In the United States jurisprudence normally signifies the philosophy of law. Jurisprudence is the study and philosophy of law. Specialists of jurisprudence, or legal philosophers, expect to gain a deeper understanding of the nature of law, of legal analysis, legal systems and of legal institutions.
Legal philosophy has many characteristics, but three of them are the most common:
Since law can frequently be slippery and incomprehensible, it may come as no revelation to learn that jurisprudence is exceptionally complicated and sometimes very confusing. Many of the world's most famous specialists and philosophers have at least dabbled in jurisprudence, elaborating dense tomes, complex arguments, and complicated expression. The study of jurisprudence is also essential for a good lawyer, because it guarantees that he or she deeply understands the law and the philosophical approaches which have been implicated in its conception.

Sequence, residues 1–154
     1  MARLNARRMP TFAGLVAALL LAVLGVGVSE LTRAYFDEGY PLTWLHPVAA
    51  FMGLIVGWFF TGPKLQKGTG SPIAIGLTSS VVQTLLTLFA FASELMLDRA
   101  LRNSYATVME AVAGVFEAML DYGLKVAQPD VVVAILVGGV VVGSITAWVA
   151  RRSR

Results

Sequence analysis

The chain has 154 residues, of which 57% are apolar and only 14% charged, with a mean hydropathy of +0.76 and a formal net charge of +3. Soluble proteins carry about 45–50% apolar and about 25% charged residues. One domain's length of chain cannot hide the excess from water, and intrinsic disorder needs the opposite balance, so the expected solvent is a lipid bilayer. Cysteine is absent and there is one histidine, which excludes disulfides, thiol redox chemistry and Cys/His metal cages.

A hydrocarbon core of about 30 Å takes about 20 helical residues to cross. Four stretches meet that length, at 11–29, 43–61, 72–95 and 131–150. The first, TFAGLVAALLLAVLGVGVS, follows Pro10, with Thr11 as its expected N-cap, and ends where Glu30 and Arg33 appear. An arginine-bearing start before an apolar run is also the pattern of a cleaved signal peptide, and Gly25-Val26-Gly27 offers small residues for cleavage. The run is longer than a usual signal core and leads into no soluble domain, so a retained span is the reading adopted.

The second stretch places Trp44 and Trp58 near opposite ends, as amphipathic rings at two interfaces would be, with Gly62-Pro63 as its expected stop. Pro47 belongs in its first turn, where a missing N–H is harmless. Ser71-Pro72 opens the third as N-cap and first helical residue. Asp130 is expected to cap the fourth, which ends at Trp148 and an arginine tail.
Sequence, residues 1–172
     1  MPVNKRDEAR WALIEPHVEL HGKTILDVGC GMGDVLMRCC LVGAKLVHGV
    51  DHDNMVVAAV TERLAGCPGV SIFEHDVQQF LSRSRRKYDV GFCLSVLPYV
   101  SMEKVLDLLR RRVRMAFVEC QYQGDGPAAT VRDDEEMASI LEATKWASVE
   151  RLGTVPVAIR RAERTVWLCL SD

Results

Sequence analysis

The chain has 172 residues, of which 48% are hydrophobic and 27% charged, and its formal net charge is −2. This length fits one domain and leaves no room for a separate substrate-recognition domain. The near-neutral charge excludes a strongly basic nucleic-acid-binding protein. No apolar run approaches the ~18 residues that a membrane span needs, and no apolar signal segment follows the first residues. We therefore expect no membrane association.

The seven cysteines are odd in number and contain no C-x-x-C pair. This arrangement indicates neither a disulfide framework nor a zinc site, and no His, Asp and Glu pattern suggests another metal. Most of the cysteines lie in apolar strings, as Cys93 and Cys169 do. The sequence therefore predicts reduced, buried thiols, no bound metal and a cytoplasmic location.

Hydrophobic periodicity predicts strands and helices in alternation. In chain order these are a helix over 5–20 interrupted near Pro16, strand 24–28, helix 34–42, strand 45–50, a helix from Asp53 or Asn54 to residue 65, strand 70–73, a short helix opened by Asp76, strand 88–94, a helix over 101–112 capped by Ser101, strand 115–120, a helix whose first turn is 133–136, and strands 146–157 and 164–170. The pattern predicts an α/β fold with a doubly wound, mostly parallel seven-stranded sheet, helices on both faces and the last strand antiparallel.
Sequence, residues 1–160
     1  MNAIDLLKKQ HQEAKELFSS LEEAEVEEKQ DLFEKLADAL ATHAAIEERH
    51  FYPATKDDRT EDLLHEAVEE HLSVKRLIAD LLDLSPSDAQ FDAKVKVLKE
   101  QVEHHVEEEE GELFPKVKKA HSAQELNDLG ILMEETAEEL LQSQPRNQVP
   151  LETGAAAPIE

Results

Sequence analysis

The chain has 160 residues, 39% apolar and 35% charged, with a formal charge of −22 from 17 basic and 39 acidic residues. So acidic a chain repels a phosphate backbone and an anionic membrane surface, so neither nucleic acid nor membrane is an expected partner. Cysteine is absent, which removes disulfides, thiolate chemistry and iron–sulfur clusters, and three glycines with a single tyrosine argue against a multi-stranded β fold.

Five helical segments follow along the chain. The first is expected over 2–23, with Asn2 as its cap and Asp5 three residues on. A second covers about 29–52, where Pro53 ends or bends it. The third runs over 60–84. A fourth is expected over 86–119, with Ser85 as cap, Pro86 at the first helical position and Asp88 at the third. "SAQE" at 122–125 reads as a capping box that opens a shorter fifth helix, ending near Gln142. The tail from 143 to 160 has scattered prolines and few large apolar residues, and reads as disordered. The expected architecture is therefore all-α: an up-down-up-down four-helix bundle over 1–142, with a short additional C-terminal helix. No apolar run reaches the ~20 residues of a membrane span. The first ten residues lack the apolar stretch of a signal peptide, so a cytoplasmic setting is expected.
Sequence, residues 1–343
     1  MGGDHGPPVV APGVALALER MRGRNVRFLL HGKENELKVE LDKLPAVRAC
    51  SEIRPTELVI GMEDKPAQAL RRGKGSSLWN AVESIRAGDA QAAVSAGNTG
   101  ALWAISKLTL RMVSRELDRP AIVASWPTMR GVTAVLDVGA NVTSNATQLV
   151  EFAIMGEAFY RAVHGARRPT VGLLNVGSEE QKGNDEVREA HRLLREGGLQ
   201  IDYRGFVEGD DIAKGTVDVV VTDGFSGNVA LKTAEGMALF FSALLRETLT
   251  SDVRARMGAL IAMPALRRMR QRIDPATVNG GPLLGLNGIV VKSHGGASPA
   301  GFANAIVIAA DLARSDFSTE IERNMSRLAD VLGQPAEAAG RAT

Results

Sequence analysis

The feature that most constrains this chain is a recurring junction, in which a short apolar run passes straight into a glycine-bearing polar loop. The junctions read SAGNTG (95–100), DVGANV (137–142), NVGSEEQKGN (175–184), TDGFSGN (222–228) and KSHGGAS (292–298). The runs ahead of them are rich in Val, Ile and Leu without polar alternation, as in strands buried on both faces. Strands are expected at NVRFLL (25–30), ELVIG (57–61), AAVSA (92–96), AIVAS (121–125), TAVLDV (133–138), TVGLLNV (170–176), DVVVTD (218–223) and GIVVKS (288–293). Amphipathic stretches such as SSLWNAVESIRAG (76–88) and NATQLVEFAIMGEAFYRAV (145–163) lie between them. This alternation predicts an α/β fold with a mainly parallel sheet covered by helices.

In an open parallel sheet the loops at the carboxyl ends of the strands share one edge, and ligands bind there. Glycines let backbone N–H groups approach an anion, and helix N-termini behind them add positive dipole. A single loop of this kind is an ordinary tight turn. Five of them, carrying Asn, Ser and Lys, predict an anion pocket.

Studying law does not automatically make someone a lawyer, even though it is a significant element of a legal education. For judges and other people who must infer, defend, or refuse the law, jurisprudence is a very important field of study, along with more general studies of history, society, and philosophy. Since laws are such an important emphasizing of society, jurisprudence can also offer important information about a nation and its people.
Modern jurisprudence and philosophy of law is influenced today principally by Western academics. The concepts of the Western legal tradition have become so enveloping all over the world that it is persuasive to see them as universal. Traditionally, however, many philosophers from other civilization have discussed the same questions, from Islamic scholars to the ancient Greeks.